V.24 No.45 | 11/5/2015
Can Courtney Do It?
Can Courtney be a balloonist?
By Courtney Foster
Courtney Foster tries her hand at different tasks in this new monthly feature. First up, ballooning.
V.23 No.33 | 8/14/2014
courtesy of Kevin Fedarko
By Lisa Barrow
Adventure runs high, Hamlet goes for the testosterone, and vintage baubles keep things pretty in this week’s Culture Shock.
V.23 No.32 | 8/7/2014
Ninja Meets Navajo Code Talker
The YA collisions of Leza Lowitz and Shogo Oketani
By Lisa Barrow [ Fri Aug 1 2014 2:48 PM ]
Author Leza Lowitz on women as ninja, the power of multiculturality and the what it’s like to write with your spouse.
V.22 No.26 | 6/27/2013
Webgame Wednesday: Candy Box
By Devin D. O’Leary [ Wed Jun 19 2013 2:26 PM ]
Candy Box is causing an interweb stir for its old (old) school look and unusual game play. Surf on over to the game's homepage and you'll be greeted with information on your mounting candy supply. You can click a button to eat all the candies if you want, but that appears to be your only method of interaction with the game. What gives? Have a little patience, my friend. Leave your browser open, let those candies accumulate, and the game's possibilities will open up for you. Soon you'll be harvesting lollipops, buying weapons and fighting monsters. This oddball, text-only (with occasional ASCII art) adventure/resource management game grows bigger and bigger the longer you play. Plus it really makes you want some candy.
V.22 No.17 | 4/25/2013
Last Month in Music
By Mike Smith
Author and music fanatic Mike Smith shares his March 2013 adventures in live, local music. Hip-hop, folk-punk and acts hailing from the City Different get top billing.
V.22 No.16 |
Onward and inward
By Blair Nodelman, fearless Alibi intern [ Wed Apr 24 2013 9:31 AM ]
“Look toward the future.” This saying has been engraved in my mind since ... well, since the beginning. I’ve been told by my parents, teachers, advisors, bosses, nearly everyone to strive for what’s ahead, to keep on pushing forward. I realize this is a common theme in society. I’m sure most people have had at least a few anxiety attacks in the middle of the night concerning that overbearing word: “future”.
I’ll admit I’m slightly terrified by its presence. However, my perspective is shifting. I graduate from high school next month and suddenly, the world seems to be spinning multitudes faster than it used to. What happened to barely keeping my eyes open in first-period calculus? Or lugging around a backpack that felt like it was full of anvils? Now, I’m being thrown a diploma and told to go off into the real world, leaving this part of my life behind. Granted, graduating from high school is an accomplishment I’m proud of and while I had a great time overall, I cannot wait to throw my cap in the air while ironically performing a “High School Musical” signature jump. In the grand spectrum, these past four years account for a minuscule portion of my life. That isn’t to say they weren’t important, but there is so much more to experience and learn outside of the state-required curriculum.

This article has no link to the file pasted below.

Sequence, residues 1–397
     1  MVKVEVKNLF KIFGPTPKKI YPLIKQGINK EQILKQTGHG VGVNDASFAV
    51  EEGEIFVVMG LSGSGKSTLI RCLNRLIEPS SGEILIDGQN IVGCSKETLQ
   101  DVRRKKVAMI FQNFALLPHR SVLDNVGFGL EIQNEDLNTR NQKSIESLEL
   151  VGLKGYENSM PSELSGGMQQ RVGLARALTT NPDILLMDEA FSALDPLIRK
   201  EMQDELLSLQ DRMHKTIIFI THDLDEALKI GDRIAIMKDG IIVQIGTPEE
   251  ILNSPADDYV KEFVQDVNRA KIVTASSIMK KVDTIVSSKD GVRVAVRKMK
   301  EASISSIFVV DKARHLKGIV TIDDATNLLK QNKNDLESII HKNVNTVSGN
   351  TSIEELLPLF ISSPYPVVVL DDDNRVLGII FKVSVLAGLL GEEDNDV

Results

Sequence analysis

But then here it comes again: the future spurning an existential crisis on my exhausted brain. Between worrying about what college will be like to what sort of chips to buy for my graduation party, my head is filled to the brim with anticipating the undeniable future. Perhaps the most frightening part is that in approximately four months, I will be moving over 2000 miles away to Boston.
That single fact awoke an urge to stop focusing primarily on the future and to really enjoy what I have right now. While moving and running toward reality is exciting, I also know I have to make an effort to really soak up all that’s around me right now. Boston will present me with some amazing adventures, but what about the adventures that are yet to be had here?
So, Alibi reader, welcome to “Blair rediscovers ABQ” (I’m sure I’ll come up with a catchier title later). Given the opportunity to blog for the Alibi, I hope to not only find new things about this beloved desert city that I never knew existed, but also let you know about them. This place has so much to offer and before I leave, I want to be able to say, “I know Albuquerque,” and share my newfound knowledge. Before Boston, diplomas, packing all my stuff into not-so-neat little boxes; before my life turns upside down, I want to explore my home to the absolute fullest during the last summer I have the privilege to call it that.
Thus begins the Albuquerque adventures. Next stop: Food trucks.
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Naturalist Series: Bats Found Around the World at Bachechi Open Space
Dr. Ernie Valdez from the U.S. Geological Survey discusses different shapes, sizes and colors of bats that occur around the world and their unique behaviors that reflect their amazing morphology.
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